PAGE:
Graded on a Curve:
Mick Jagger,
The Very Best of
Mick Jagger

“I’m feeling as dumb/As a Mick Jagger solo album/I’m such a damned waste/One long lapse of good taste”Lesbian Boy, “Mick Jagger Solo Album”

What do you give the person who has everything? Well, let’s see… of course! Something they don’t want! And who in their right mind actually wants a Mick Jagger solo album? But let me correct that. There really are people out there who want Mick Jagger solo albums—1985’s She’s the Boss went platinum in the U.S., God help us—but for the life of me I can’t figure out WHY they want them; are they, like, you know, PERVERTS or sumpin’?

Don’t get me wrong; it’s not as if 2007’s The Very Best of Mick Jagger is totally unlistenable, although it has more than its fair share of unlistenable moments—it simply strikes me as, well, pointless. If, like me (and this is a big assumption, granted) you believe that the Stones might as well have packed their bags and flown off into permanent tax exile at some indeterminate point in the mid to late seventies, and if like me you believe that everything they’ve done since then has basically been so much superfluous sand pounding, then what could be more supererogatory than a handful of relatively nondescript albums by their too-famous for words frontman, who has (in my view) done nothing but preen like a peacock since (and I’m being exceptionally kind here) 1978’s Some Girls?

I know—I’m being a prick. Because there’s no arguing that The Very Best of Mick Jagger includes a few tunes I’m glad to have around. I must confess to loving the pretty but gritty “Don’t Tear Me Up” for instance. And who doesn’t love the menacing Ry Cooder slide guitar rave-up “Memo From Turner,” even if it does date back to 1970 and the Performance soundtrack and really doesn’t belong on what is, for the most part, a culling of the “finest” tracks from Jagger’s solo outings from 1985 to 2001? (Another version of the tune appears on 1975 Rolling Stones’ compilation Metamorphosis. Avoid it.) As for the countrified love song “Evening Gown” it’s sweet and sad, while the on-the-lowdown blues turn “Checkin’ Up on My Baby”—which Jagger recorded in 1992 with The Red Devils, and which doesn’t appear on a solo album either—demonstrates that old Mick stills know how to shake, rattle, and roll, although why he doesn’t do it more often beyond me.

A couple of other tunes fall into the same “miscellaneous” category as “Memo From Turner” and “Checkin’ Up on My Baby.” The quite likeable “Old Habits Die Hard” (shades of Rod Stewart!) dates back to 2004’s soundtrack to the remake of Alfie, while the historically interesting “Too Many Cooks (Spoil the Soup)”—a funky and horn-driven cover of 100 Proof (Aged in Soul)’s R&B original—goes the whole way back to 1973 and an El Lay studio session produced by John Lennon (and featuring his then-menagerie of ne’er-do-wells). As for the discofied “Charmed Life,” it was recorded at the sessions for 1993’s Wandering Spirit but didn’t make it onto the album. And then there’s the unspeakable “Dancing in the Streets,” which constitutes a twin-fold spiritual and musical nadir for both Old Jaggersides and “collaborator” (with all the negative connotations the word implies) David Bowie, who really should have known better.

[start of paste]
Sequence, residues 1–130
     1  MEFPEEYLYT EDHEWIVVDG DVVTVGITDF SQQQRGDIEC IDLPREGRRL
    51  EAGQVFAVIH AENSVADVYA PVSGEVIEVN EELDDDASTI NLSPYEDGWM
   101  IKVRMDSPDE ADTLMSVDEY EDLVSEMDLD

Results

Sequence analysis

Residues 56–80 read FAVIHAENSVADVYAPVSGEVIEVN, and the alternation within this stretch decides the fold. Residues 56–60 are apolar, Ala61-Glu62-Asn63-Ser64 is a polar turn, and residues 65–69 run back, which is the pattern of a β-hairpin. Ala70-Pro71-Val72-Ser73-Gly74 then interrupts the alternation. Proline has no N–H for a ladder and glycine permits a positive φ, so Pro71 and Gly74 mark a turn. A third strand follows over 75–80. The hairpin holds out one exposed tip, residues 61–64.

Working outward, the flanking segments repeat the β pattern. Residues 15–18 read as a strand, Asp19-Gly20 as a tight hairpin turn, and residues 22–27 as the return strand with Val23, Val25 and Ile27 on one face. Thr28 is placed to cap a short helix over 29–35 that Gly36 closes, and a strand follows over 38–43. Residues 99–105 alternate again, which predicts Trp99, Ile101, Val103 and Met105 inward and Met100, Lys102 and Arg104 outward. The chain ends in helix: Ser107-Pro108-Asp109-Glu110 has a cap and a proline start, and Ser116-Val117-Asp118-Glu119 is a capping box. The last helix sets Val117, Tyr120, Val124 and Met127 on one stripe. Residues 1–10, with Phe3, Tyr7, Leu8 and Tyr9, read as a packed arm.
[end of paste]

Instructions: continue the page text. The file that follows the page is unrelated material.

As for the cuts that come from his solo albums, most of them are MOR schlock and suffer from all of the studio excesses characteristic of the years in which they were recorded. “Just Another Night” is every bit as vapid as every other vapid song recorded using state-of-the-art studio technology in Our Year of the Lord 1985, while 1987’s annoyingly upbeat “Let’s Work” is objectionable both musically and lyrically. Let’s touch the clouds, sings Mick in a fit of banality—and lest you think I’m picking on one bad line, the entire song is one long string of clichés—that makes me want to trundle off to the unemployment line. Meanwhile, “Lucky in Love” is hobbled by the same infuriatingly insistent drumbeat you heard everywhere in 1985, and boasts some impeccably bland guitar work to boot. As for 1993’s “Put Me in the Trash,” it sounds like a 1993-era Stones track, which kinda makes you wonder why Mick even bothered. And “Don’t Call Me Up” is an undisputed example of songwriting at its most generic.

2001’s “God Gave Me Everything” is a driving guitar rocker—and no wonder, seeing as how it was cowritten by Lenny Kravitz—but it’s nothing special, while “Sweet Thing” is just “Miss You” recycled, right down to the disco beat and Mick’s falsetto. As for the Jagger-Bono duet that is “Joy” it sounds like a just-okay U2 track, but just what Mick’s doing on it is a mystery I can’t summon up the enthusiasm to solve.

The Very Best of Mick Jagger is less a best-of compilation than a nausoleum—a rather dated and undistinguished collection of songs most all of which could have been recorded by almost anybody. Mick Jagger may be uniquely talented, but there is nothing unique about most of the songs on this album. Listening to Jagger try to justify all of those expensive studio fees is kinda like watching a horse attempt the limbo. It may be true what they say about a rolling stone gathering no moss. But The Very Best of Mick Jagger is proof positive that sooner or later said Stone will roll into a ditch.

GRADED ON A CURVE:
C-

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  • dan_oz

    Not so much the best of, more like the least worst of.

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